Shop 30 minutes before close for possible deals. Many people swear by this, but not all farmers discount their items just so they don’t have to bring them home! It’s worth a try once or twice though, to either rule the possibility in or out.
As for the produce “seconds” I do something else. There are no low-sugar organic jams where I live, so I make my own. The thing is that to make good jams you need very ripe (almost too ripe) fruits, so when I see that theirs is on its way out I offer to buy all the “ugly bad ones” for a lower price. This works like a charm: they get rid of overly ripe fruits, e.g. strawberries, other berries, stone fruits, kiwi, etc and I get to make organic from scratch, low sugar (low glycemic index) jams! No artificial sweeteners, thickeners, high fructose corn syrup, stabilizers or colors. Just organic fruit, organic lemon juice, organic sugar and pectin if you want the jam to be more solid. Not necessary, though if you like medium to light jams. If the end product is runnier than you’d like, you can use it as a sauce or topping on ice-creams and other desserts (crêpes, anyone?).
Because aside from bugs or dirt, the number one enemy of green leafy produce is: water! What Tiffany advises is absolutely correct. I’ve done it for years, with one step more, which is to cover the bowl in Glad-type wrap. This prevents the entrance of moisture into the bowl.
However, if a few hours later you see condensation of water droplets under the wrap, this means some water was still there and it is best to slowly allow it to escape in the fridge. You do this by piercing a small hole in the wrap with a fork or knife. The cold environment will make it dry out.
Other veggies with thicker, tougher skins do not need this protection although I do it for tomatoes, too (especially cherry varieties).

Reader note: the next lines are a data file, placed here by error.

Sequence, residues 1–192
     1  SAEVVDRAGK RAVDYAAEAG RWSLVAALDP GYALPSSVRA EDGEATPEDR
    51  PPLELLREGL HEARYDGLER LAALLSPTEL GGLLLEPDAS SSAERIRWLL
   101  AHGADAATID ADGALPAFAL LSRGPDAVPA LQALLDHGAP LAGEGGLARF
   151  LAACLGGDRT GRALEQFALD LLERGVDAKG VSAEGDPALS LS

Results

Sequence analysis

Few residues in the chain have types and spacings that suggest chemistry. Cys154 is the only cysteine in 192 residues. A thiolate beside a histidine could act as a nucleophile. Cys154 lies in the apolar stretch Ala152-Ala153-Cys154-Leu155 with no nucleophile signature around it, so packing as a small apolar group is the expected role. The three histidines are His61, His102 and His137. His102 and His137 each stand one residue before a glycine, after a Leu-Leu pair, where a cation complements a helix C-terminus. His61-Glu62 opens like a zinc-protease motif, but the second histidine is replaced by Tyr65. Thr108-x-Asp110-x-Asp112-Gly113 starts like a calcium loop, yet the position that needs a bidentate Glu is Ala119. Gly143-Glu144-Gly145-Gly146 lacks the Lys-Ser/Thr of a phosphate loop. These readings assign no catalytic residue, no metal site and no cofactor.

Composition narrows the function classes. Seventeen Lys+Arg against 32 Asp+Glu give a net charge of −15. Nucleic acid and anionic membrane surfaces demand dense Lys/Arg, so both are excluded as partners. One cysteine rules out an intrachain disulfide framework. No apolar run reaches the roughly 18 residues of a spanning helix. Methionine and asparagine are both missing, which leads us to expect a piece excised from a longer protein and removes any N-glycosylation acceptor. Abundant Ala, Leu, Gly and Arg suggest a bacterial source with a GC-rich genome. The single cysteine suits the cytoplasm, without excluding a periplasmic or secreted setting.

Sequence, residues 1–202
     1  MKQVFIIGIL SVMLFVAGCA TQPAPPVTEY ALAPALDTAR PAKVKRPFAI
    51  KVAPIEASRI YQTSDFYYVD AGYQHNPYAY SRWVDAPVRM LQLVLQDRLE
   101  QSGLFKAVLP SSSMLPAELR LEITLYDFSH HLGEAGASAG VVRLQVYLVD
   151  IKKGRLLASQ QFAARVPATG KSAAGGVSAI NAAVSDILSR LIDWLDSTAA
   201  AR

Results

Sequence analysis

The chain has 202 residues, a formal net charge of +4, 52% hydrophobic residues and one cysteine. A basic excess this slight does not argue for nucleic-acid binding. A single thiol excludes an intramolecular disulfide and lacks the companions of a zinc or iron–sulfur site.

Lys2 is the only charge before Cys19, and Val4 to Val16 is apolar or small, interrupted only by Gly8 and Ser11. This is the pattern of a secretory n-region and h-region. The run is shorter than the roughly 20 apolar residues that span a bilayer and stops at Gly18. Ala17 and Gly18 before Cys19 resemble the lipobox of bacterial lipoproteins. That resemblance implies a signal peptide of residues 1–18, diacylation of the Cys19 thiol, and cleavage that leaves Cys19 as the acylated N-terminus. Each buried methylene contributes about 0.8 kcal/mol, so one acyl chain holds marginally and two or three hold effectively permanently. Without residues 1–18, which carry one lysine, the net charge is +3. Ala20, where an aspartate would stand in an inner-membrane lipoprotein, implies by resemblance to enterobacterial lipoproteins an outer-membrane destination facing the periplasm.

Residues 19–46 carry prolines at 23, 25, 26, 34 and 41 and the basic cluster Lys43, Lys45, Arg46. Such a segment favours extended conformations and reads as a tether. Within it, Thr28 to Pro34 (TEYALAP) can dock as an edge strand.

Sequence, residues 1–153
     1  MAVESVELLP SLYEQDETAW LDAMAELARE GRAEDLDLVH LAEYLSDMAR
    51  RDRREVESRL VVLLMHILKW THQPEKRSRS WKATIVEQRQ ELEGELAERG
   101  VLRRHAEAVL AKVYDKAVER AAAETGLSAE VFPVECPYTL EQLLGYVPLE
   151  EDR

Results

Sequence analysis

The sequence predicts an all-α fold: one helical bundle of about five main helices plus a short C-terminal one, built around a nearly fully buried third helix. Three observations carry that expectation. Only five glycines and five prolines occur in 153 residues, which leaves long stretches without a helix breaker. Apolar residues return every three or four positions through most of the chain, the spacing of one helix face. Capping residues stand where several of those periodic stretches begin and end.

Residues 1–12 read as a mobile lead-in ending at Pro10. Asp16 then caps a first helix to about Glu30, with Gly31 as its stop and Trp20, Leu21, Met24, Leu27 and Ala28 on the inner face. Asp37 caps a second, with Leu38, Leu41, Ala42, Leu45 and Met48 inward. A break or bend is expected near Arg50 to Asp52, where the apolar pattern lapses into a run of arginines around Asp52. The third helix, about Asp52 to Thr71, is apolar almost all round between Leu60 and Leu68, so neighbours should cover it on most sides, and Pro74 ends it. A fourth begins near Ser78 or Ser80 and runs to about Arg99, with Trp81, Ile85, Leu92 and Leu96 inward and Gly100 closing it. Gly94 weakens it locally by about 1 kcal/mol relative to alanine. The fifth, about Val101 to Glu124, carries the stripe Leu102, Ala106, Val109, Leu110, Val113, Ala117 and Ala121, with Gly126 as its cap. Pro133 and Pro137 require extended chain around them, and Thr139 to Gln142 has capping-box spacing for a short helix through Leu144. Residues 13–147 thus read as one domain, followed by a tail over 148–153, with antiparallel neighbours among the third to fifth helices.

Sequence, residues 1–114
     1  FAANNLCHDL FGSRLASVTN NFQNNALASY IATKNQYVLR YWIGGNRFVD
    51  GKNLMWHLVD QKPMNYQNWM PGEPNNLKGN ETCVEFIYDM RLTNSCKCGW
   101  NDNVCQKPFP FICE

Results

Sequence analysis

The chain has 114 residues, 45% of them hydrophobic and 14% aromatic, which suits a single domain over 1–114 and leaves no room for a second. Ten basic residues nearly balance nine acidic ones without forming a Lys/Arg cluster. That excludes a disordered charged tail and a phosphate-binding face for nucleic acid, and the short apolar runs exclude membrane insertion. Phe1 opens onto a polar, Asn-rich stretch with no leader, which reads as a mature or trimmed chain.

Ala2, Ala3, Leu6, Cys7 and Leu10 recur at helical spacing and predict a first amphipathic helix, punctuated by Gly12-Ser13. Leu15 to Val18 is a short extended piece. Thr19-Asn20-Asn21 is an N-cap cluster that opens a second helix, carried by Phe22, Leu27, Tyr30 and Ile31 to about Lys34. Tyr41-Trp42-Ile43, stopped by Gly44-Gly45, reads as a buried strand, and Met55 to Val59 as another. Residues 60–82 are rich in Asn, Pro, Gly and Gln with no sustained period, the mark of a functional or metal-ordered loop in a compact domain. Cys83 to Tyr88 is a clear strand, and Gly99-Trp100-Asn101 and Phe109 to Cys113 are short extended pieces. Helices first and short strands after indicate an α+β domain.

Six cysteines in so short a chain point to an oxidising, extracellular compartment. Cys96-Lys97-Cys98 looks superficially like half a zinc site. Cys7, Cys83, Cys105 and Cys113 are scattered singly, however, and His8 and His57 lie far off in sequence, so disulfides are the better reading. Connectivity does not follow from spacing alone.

I wish we had a good farmers market. The ones around us are super expensive like three times the price at the store. Plus with the distance we have to drive its really not worth it. Your tips are great but unfortunately with our area its more cost effective to shop at the supermarket.
I have to agree. Where I live in Northern California the farmers markets have gotten ridiculous. $10 to $12 for a dozen pasture raised eggs?
Carlton Farms has a vegetable share & drop-offs all over the Atlanta metro area. Friendly folks, too.
Thanks for the tip Helen! I’ll check them out!
Have you heard of Misfits Market? I think you might be very interested in it. Rather than me explaining it all to you here, you could just go to the website and get the scoop right on the first page! misfitsmarket.com Soon they will have an option to customize your box, but right now you get what they pick. I think this is fun creating meals out of what I have and trying new things!
I have! I tried it for a few months and liked it, but we eat so much produce that I was still going to the store… which seemed counterproductive, LOL!
Can you clarify why you need to clean greens before putting in fridge but not other veggies?
This was a tip from my farmer, making them last longer. Tear green instead of cut them, wash well and DRY – that’s key. Most greens at the market are fresh from the field, so any residual moisture/bugs will make the greens go bad faster.